As the Time article said, "There aren't easy solutions" when extolling the virtues of Big Ben. Did we ask for it to be easy? One thing to consider is the influence of technology and computation. Ben's study of what went down in the 1930s is admirable, from an academic sense. But, does his view look at the major differences?
No. He does not seem to allow that common sense can say a lot about the economy or how we expect it to be. That is, being labeled as a 'nerd' implies several things that are not common sense. For instance, he says that he is outraged; where is there any argument about ethics which seems to be a topic antithetical to 'fat cat' thinking?
Let's look at a little tale that offers some message to the theme.
Ever notice how some who have taken to the technology of the cell phone have given it a ubiquitous role? That is, we see people all over chatting to someone other than those in the immediate surrounds. In fact, much of this behavior can be consider extremely rude under an older (and more likely more etiquette'd) framework.
Then, once the thumbs got into their punching mode as technology developed, we saw people with their eyes glued to some little screen while they conversed with others, again outside of where they are physically, or while they played games or while they did any number of other apps whose cardinality is increasing rapidly.
And, many of the zombies attached to the one-eyed monster have taken to doing their thumbing thing while being propelled through space in a vehicle (weapon) and in doing so have lost sight of a major principle, defensive driving. Wrecks, with the suffering of many innocent victims, have resulted.
Now, what does that mean for the economy? Well, is it not in the crapper after a wreck? You see, the advent of mathematics, modeling, and computational prowess which was brought forth into the economy by the Sons of Samuelson have created some type of mirage that deflects from seeing properly. Focus on this mirage (house of cards or any other metaphor can work here) as the principal key to control is so problematic that it's very disconcerting to the aware observer. To boot, it was the best and brightest who were taken in; except, their focus on self-gratification was probably reinforced early. We sort of do that in the modern culture.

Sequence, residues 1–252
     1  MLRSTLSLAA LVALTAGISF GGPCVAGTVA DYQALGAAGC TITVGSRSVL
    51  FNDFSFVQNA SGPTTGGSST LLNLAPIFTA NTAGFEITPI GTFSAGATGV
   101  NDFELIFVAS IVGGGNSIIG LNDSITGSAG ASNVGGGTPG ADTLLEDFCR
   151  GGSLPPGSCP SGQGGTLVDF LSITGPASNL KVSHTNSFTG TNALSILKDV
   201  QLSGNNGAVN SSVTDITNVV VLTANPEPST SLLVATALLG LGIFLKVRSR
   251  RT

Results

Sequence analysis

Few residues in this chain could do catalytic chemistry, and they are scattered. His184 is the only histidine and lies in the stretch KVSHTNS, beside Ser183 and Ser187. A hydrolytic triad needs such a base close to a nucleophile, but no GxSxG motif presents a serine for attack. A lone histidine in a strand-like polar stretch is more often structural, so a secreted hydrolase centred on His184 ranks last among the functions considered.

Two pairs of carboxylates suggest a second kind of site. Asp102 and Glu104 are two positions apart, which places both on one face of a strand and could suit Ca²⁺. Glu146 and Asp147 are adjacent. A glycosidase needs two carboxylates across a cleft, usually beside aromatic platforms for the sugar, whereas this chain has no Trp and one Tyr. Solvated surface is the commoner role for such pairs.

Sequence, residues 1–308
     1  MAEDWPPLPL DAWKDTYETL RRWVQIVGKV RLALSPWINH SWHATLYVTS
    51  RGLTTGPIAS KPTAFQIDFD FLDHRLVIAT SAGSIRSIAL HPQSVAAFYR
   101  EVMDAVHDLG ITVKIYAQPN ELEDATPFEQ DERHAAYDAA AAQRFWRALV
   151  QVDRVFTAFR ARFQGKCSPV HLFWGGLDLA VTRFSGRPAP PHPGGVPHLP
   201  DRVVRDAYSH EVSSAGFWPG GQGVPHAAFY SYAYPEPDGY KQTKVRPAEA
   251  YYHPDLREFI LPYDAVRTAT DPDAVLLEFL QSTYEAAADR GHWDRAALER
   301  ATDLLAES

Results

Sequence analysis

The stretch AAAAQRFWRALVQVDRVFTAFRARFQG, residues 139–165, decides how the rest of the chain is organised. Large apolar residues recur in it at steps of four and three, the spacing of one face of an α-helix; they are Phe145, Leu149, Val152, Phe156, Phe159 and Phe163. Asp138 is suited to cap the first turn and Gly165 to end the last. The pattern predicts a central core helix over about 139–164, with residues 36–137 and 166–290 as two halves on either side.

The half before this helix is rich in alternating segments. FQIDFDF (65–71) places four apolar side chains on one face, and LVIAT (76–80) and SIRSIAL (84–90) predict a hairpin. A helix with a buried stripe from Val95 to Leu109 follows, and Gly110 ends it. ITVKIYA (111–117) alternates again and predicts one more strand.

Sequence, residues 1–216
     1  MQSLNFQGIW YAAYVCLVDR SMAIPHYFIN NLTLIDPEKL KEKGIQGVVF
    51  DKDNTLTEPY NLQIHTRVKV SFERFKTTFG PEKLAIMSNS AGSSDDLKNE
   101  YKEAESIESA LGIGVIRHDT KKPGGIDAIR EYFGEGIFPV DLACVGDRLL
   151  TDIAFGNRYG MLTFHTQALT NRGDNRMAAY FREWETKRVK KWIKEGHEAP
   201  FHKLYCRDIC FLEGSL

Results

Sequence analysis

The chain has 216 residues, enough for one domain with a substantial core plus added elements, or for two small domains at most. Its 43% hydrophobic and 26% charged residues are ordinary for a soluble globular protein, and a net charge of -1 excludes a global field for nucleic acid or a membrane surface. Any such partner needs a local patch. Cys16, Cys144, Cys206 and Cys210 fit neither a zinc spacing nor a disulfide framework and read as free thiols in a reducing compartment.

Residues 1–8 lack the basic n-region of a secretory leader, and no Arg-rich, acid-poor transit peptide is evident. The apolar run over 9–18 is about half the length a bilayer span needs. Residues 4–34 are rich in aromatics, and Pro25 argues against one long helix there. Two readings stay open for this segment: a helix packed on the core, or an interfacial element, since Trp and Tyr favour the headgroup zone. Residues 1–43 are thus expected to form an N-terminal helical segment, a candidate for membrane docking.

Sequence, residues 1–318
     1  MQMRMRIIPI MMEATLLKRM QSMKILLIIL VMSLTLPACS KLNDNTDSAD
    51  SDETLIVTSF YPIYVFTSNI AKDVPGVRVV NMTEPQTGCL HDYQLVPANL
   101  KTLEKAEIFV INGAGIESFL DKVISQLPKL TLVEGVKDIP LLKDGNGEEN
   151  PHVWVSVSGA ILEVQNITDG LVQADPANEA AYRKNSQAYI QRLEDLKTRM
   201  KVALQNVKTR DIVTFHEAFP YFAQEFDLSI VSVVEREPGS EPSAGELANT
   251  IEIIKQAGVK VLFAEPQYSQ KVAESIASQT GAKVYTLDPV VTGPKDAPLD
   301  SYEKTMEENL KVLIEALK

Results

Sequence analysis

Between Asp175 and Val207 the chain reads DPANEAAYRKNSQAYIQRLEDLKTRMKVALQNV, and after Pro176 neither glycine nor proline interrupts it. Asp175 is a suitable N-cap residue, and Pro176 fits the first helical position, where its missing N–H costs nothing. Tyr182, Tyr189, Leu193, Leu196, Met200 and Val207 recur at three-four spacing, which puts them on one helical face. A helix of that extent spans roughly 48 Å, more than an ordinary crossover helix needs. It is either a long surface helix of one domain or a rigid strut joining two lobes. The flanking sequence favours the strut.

Any who might have urged caution stood the chance of being labeled as being short-sighted via innumeracy. Ah, the model is the reality according to the brains (map-territory problem, folks). It seems that the Fed, for one, must be laboring under such type of delusion. Yes, Ben, you.
Need we remind them that they put us on the hook, as taxpayers, for toxic instruments of unknown quantity and potential harm?
We all know that talking to those who drive and text about their risky behavior falls on deaf ears, as they have all sorts of arguments, including some diatribe about being more intellectual and forward (progressive). Same goes for those who are caught up in the pandora's box that has been unleashed with modeling and computation. You see, it has lined a bunch of pockets (thanks, quants); is not that what the economy is for?
Now, the need is not to step back and actually be like the world in 1930. And, Ben re-playing those dynamics is short-sighted. No, we must keep going forward. Yet, one has to think that taking over the banks in late 2008 would have been better than feeding our money to the fat cats. These are the people who screwed up the world with their machinations. They really have not been making it any better this year.
But, questions arise, such as, who would be doing the taking over? Well, consider this. That suggestion is no more silly than expecting Ben and his buddies know how to moderate things with their few parameters and instruments created on the fly. Pushing string, indeed.
Well, plenty of words have been expressed this year, in all types of media, about these issues. In all that, some of the arguments have made a whole lot of sense. Trouble is that Ben is on the hot seat, undergoing pressures that prevent proper reasoning. Yes, any incessant hot-seat experience has reactions, physically, psychically, and more.
Of course, the strain on Ben is nothing compared to that on those who were sucked into the game in which they ended up indentured for now and into the far future. So, not only have savers been sacked, and mocked, the whole economy has been hollowed out (thanks, America Prospect). And, this in 2009?
Ben, you need to consider the advances that have come about in the past 20 years that have allowed an one-sided state of affairs. You buy off the shelf. Ever compare your couture with those with the Milan'd, and other, suits? Do you somehow feel superior to those who have to exhibit such demonstrations of excess and conspicuous consumption?
Or, do you not notice? If that is true, then there's hope!
But, as said before, monks, and marines, could do a better job of running finance and the economy. Except, we must remember what lead to the atrocious conditions at Walter Reed, and other facilities, due to the officer, and political, class letting deterioration run rampant for so long while they lived in the lap of luxury.
12/29/2012 -- Summary - 2012.
01/03/2011 -- Ah yes, now there are demands. The question remains: what growth other than the pockets of these types?
01/01/2011 -- We have two last posts of December under our belt.